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I believe the fundamental flaw in your reasoning is that the definition of a manifold is a more primitive notion than that of a metric, and it is the metric that gives in general relativity the notion of curvature. The clearest way to say that it that $R^4$ is not actually flat, simply because it does not have automatically a metric associated to it; it is neither flat nor curved on its own, because it is not automatically armed with enough structure to define those things. In other words, the fact that there is a smooth 1-1 mapping between $R^4$ and the maximally extended Schwarzschild solution via the Kruskal-Szekeres coordinates simply states the fact that the Schwarzschild solution lives in a 4-dimensional spacetime. It does not require, in any way, that it also possesses the geometry of flat spacetime, because $R^4$ is not flat unless you add to it the structure of Minkowski spacetime -- which, in itself, is a choice.

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  • $\begingroup$ So when Wald says "Diffeomorphic manifolds have identical manifold structure." at the end of section 2.1 on page 14, he is not including the curvature of the manifold as part of the "manifold structure"? I suppose this is a very long held misconception I've had. Do you know of any resources which talk about what properties of the manifold specifically gets mapped over and what doesn't in a diffeomorphism (e.g. the dimensions of diffeomorphic manifolds must be the same, of that I'm sure)? $\endgroup$ – enumaris Sep 26 '18 at 23:10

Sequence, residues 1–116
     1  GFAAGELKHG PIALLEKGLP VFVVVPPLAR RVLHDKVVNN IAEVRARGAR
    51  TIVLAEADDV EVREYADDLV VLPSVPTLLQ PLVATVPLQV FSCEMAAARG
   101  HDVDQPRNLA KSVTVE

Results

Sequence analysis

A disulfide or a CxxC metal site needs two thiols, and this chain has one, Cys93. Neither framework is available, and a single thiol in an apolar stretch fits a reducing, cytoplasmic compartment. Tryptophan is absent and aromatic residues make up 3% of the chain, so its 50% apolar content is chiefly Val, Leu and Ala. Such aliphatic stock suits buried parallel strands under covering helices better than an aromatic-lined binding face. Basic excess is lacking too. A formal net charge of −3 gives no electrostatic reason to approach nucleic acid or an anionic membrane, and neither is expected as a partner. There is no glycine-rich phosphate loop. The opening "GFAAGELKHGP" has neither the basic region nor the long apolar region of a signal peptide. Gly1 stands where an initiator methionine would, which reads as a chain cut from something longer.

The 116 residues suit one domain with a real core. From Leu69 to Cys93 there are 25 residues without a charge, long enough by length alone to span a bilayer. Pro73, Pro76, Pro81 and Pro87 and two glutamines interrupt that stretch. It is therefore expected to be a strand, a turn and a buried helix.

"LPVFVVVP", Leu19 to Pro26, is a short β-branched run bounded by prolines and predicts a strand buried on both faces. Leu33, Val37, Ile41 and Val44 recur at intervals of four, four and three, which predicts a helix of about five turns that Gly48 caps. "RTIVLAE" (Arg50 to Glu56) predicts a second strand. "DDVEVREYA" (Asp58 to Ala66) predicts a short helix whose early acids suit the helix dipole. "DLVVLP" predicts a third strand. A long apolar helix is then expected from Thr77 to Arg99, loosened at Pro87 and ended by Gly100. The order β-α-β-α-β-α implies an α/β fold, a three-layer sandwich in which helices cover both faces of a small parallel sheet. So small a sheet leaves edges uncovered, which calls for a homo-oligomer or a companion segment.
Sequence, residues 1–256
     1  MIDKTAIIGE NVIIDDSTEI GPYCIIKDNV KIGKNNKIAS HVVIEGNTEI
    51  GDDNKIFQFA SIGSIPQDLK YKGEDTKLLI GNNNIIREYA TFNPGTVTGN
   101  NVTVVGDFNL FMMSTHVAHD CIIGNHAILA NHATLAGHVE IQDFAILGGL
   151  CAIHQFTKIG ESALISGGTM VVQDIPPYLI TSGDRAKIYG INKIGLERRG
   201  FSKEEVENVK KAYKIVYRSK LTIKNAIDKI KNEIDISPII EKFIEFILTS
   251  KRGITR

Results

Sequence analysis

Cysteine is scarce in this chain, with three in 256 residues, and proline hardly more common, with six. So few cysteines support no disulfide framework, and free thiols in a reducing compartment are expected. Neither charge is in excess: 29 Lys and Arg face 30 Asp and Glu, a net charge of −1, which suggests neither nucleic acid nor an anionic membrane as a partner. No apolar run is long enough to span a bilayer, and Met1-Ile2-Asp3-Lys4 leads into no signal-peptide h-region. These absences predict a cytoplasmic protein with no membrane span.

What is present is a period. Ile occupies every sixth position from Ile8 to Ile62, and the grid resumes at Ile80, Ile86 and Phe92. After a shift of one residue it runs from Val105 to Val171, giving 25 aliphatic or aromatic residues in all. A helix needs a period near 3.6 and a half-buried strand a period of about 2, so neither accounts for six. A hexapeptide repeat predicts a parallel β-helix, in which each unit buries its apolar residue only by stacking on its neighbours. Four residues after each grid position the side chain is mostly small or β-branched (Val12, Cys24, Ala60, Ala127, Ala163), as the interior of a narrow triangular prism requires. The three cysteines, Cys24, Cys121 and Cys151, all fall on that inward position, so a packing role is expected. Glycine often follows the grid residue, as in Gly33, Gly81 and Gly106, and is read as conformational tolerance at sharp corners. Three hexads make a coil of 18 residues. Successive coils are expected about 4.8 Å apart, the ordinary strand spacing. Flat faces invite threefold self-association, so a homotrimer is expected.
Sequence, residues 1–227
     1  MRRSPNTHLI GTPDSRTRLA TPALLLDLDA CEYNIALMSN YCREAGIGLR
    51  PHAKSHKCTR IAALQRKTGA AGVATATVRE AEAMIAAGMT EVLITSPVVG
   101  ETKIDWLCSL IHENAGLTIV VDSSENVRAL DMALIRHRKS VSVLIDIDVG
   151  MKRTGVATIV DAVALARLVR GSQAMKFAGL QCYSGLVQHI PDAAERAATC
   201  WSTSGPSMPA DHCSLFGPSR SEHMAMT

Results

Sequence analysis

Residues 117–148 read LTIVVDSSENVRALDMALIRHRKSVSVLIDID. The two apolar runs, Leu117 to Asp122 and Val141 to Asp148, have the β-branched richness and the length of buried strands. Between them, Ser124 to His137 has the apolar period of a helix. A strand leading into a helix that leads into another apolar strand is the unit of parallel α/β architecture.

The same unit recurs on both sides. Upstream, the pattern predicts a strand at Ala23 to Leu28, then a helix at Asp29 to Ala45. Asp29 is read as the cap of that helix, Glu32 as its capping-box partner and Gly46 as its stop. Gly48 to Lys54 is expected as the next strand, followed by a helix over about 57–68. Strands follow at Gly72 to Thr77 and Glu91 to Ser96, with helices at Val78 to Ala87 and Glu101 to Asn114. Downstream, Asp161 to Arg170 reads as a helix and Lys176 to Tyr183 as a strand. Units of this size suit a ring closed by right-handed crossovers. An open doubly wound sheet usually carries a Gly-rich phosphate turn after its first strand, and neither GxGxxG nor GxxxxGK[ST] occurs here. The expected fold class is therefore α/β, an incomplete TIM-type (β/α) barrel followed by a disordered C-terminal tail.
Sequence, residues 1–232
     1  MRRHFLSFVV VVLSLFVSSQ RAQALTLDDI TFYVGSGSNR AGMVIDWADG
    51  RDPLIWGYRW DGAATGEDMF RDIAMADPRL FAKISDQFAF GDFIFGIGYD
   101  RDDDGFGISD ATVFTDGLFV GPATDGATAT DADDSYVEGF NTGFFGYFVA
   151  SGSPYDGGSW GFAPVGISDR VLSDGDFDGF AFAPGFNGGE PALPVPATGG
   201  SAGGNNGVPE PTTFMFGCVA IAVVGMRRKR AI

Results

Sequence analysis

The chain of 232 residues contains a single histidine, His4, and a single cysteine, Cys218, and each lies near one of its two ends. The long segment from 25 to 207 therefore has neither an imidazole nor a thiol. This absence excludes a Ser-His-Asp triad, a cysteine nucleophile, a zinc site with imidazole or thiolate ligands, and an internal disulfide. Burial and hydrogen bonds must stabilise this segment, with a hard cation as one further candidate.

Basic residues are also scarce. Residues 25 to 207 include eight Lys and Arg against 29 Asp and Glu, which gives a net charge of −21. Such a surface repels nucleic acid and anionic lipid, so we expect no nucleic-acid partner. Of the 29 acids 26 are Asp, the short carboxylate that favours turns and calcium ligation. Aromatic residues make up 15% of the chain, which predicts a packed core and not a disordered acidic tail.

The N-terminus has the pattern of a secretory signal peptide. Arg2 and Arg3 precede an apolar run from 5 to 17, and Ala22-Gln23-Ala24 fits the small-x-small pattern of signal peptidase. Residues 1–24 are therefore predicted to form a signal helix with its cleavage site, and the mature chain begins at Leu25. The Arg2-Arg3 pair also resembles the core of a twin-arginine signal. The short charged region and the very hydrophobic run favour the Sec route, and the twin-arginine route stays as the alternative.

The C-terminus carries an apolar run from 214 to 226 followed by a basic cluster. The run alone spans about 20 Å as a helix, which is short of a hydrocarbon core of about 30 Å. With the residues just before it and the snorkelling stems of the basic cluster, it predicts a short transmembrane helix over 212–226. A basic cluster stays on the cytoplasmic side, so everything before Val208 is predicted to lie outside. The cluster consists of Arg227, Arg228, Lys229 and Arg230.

• $\begingroup$ Since a diffeomorphism is just a fancy way of talking about a coordinate change, then I guess you would be technically right to say that the curvature should also be unchanged after the diffeomorphism. The point I raised, however, is a bit more subtle: I am claiming that $R^4$ by itself does not carry any intrinsic notion of curvature; it's just a set of coordinates. If you claimed that the Schwarzschild solution is diffeomorphic to Minkowski spacetime, than that would mean that the Schwarzschild solution would have to be flat, but this claim is false. $\endgroup$ – Bruno De Souza Leão Sep 26 '18 at 23:25